Later that year, Sarah put her daughter in charge of shipping products for the orders that she and her husband took as they traveled through the United States, selling their products door-to-door. The following year, they opened a beauty salon and school in Pittsburgh, Pennsylvania, called Lelia College of Beauty Culture, to train future “beauty culturists.” The couple would eventually open another salon and school in Harlem, New York.


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Just four years after launching her door-to-door business, Sarah opened her own manufacturing company in Indianapolis. Between 1911 and 1919, Madam C. J. Walker’s company employed thousands of women to sell her products. The women wore white or black skirts and carried black bags. They went door-to-door to sell not only the product but also the brand message.

All of the women Madam C. J. Walker employed as beauty culturists were taught “the Walker Method,” including how to budget and open their own businesses. In 1917, she created state and local clubs for her sales agents to participate in. She named her association the National Beauty Culturists and Benevolent Association of Madam C. J. Walker Agents (predecessor to the Madam C. J. Walker Beauty Culturists Union of America). The association held events and national gatherings, and gave awards to the saleswomen who sold the most, brought in the most new sales agents, and made the largest donations to their local charities.

Sarah Walker was also a philanthropist and visionary. In 1912, she spoke to the annual gathering of the National Negro Business League (NNBL) from the convention floor: “I am a woman who came from the cotton fields of the South. From there, I was promoted to the washtub. From there, I was promoted to the cook kitchen. And from there, I promoted myself into the business of manufacturing hair goods and preparations. I have built my own factory on my own ground.”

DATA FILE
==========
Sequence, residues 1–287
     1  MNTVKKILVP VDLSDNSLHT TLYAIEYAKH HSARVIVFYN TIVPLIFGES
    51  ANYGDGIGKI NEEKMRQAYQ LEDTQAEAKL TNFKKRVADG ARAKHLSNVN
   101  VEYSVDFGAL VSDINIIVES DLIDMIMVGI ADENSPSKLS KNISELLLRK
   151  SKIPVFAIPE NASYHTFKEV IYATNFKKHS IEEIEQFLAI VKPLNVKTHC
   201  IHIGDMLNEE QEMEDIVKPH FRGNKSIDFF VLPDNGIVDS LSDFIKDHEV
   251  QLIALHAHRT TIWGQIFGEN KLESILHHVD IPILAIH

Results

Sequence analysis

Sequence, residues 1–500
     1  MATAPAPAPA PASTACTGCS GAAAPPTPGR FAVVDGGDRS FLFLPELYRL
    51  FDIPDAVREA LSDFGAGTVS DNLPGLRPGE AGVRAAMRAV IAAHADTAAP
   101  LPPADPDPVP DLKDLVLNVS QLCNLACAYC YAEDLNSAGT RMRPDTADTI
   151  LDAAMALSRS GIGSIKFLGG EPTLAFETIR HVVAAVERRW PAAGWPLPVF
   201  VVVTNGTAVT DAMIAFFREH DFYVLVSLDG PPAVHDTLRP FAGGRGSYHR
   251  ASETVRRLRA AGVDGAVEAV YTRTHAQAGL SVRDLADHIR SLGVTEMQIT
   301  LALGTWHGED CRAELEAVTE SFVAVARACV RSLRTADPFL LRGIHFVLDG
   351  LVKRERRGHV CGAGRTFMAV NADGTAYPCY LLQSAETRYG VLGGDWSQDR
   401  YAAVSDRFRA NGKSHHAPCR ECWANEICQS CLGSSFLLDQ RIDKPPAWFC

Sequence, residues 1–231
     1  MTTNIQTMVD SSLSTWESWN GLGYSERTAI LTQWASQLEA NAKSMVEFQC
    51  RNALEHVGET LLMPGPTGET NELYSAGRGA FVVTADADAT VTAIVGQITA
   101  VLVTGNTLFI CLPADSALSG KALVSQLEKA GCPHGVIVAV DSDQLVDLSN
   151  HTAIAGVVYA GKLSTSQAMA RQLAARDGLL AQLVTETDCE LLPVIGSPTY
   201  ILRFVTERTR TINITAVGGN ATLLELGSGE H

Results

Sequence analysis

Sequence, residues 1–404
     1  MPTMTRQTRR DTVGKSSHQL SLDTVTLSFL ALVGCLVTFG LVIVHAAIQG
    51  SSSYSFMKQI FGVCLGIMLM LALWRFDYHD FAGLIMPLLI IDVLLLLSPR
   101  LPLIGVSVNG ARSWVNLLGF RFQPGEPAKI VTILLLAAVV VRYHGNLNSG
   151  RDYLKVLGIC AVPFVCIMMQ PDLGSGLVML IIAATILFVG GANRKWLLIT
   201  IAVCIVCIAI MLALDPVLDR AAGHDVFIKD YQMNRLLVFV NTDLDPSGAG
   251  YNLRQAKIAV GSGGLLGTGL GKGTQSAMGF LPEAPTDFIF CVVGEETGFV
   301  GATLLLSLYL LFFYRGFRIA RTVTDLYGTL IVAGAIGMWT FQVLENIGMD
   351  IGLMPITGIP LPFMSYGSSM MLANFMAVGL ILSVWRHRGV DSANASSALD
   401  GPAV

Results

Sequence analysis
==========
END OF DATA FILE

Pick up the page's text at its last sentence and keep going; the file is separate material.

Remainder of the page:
At the same conference the following year, Madam C. J. Walker was the keynote speaker. Her philanthropic work was extensive and effective. She donated to the building fund for the Indianapolis Young Men’s Christian Association (YMCA). She also provided scholarship funds to the Tuskegee Institute, Indianapolis House, and the Bethel African Methodist Episcopal Church, among other organizations.

Sarah Breedlove not only worked for the black community, she also worked to create an acceptance of it. She moved to New York City in 1918, where she became the assistant secretary for Negro affairs of the United States Department of War. She went on to become more and more political, giving speeches on political, social, and economic issues at conventions and events sponsored by black institutions Sarah Breedlove built an empire, empowered a community, brought positive change, and developed an incredible personal brand in a time when women had few rights and black women had even fewer. To give you an idea of the kind of world she was up against, she never had the right to vote in America despite her influence. Sarah passed away in May 1919, and women were granted the right to vote in June 1919 (ratified August 1920).

So the next time you start to tell yourself that you have it rough or that something is impossible, think of Sarah “Madam C. J. Walker” Breedlove. She stood behind her beliefs, her drive, and her love for community to build something out of nothing. She is a true role model for success and perseverance. She is the kind of person we should honor, and everyone should know her name.

“Platform: The Art and Science of Personal Branding” is available now at fine booksellers and can be purchased via StartupNation.com.